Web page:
Live Five Facts: Exploring isolation and mental health with vampires

Sam Kruger plays Scud the Vampire his one-person play 'Bat Brains or let’s explore mental illness with vampires,' running from April 18 to 28, 2024 at The Refinery. (Supplied / Photo courtesy of Sam Kruger)

The next show in the Live Five lineup is a fantastical comedy — with a heaping helping of vampires mixed in.

Bat Brains or let’s explore mental illness with vampires is the final production in the Live Five lineup this season, running from April 18 to 28 at The Refinery.

Co-creator and solo performer Sam Kruger spoke to PodSask about the upcoming play — here are five key words to define the new production:

  1. Personal – The show, which follows Scud the vampire (Kruger), isolated and living alone for more than 50 years. Scud is suddenly forced to deal with his own concerns regarding being alone and being with other people when someone comes knocking on his door to deliver a pizza.

    Kruger went through his own mental struggles a few years ago, and never planned to bring them onto a stage. But as he began exploring the story he wanted to tell with Scud the vampire, Kruger said he realized this could be a way to share his own experiences through comedy and theatre.

    “I still hadn’t really dealt with this thing that happened, and it became this rabbit hole of how I thought about myself and my own mind,” he said. “My experiences have become a big part of the show, reflecting on this thing that had happened to me.”

  2. Vampire – When asked about why he wanted to use an undead bloodsucker as the main character in his play, Kruger’s answer was twofold.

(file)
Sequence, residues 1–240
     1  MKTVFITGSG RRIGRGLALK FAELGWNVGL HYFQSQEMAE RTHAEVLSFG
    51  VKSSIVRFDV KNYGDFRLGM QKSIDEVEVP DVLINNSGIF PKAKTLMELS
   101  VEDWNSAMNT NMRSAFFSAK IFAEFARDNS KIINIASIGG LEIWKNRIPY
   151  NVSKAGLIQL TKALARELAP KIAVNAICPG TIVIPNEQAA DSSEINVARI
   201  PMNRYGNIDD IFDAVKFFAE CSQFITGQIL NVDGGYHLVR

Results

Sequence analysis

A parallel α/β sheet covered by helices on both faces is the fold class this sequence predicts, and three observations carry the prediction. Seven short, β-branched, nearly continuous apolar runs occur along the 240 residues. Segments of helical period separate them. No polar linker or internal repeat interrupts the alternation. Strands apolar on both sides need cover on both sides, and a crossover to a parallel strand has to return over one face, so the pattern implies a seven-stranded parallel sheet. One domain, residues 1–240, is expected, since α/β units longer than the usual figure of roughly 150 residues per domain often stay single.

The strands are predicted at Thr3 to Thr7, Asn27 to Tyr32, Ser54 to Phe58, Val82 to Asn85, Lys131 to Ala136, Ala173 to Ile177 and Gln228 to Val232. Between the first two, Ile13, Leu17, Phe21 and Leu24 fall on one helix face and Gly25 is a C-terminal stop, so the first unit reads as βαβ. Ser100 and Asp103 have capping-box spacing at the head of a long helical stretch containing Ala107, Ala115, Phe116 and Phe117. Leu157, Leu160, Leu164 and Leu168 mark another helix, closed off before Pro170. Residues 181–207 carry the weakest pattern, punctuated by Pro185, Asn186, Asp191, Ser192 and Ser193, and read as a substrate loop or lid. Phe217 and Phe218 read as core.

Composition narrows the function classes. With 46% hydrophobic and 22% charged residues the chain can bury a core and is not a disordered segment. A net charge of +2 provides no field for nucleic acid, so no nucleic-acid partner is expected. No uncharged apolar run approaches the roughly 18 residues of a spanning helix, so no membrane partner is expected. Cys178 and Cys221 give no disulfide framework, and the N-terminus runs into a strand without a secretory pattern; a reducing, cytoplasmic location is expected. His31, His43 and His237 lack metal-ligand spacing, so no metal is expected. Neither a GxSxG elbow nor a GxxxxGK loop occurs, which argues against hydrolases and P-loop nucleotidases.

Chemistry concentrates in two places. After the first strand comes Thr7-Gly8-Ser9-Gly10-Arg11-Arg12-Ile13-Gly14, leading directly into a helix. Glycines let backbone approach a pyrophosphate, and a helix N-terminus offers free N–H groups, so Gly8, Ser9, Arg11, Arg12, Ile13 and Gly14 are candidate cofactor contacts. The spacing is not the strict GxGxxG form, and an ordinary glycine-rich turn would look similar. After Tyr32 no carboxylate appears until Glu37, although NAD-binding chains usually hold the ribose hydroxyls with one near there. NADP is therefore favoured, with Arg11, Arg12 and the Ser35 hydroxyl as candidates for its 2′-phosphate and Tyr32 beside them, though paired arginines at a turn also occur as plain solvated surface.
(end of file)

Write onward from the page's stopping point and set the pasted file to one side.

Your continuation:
First, Kruger said vampires themselves are known for being essentially immortal — and the idea of what you would do with only yourself and your mind for company was part of what he wanted to explore in this show.

    Second, he said there is something about using unreal creatures that creates a better vehicle for expressing thoughts that would be otherwise difficult to reconcile.

    “I’ve always been attracted to fantastical creatures and monsters to express things,” Kruger said. “If you provide a layer, a level of distance, sometimes you can have a little more freedom in exploring things, especially things that are quite heavy.”

  3. Surreal – One of the biggest artistic challenges, Kruger said, was establishing portions of the mind — a non-physical space — on a stage.

    The show has no set pieces and few props, with much of the setting created through the use of numerous light and sound cues.

    Kruger said finding non-literal ways to interpret both literal and metaphysical settings has been an exciting process.

  4. Expanded – This final version of the show has been multiple years coming, with COVID-19 and other obstacles preventing a final version from getting near a stage.

    Kruger said the original version of the show was less than one hour — an ideal target to enter Fringe festivals and the like — but the play felt a little too “rushed” to properly cover the themes of isolation he wanted to explore.

    So with the help of his partner S.E. Grummett, the show was fleshed out to a more robust 90 minutes and brought to life with creative light and sound cues from the creative team.

  5. Community – Kruger said his favourite part of putting Bat Brains together has been getting to work with a team of artists to bring the show to life.

    As he puts it, this is the first time he’s ever had a full artistic team behind one of his own personal creative projects, and he lauded the talented community that has helped assemble his vision.

    It’s fitting that the main themes of the show are that of isolation and togetherness, and finding connection — it’s how Bat Brains came together, and it’s the message that Kruger hopes the audience takes away from his comedy.

    “Ultimately, the show is about community,” he said. “My biggest hope is for people to leave and feel like getting together, being together, being in a community is a deeply important thing to maintain and participate in.”

Bat Brains or let’s explore mental illness with vampires runs from April 18 to 28 at The Refinery. Tickets can be found at livefive.ca.

Recent Posts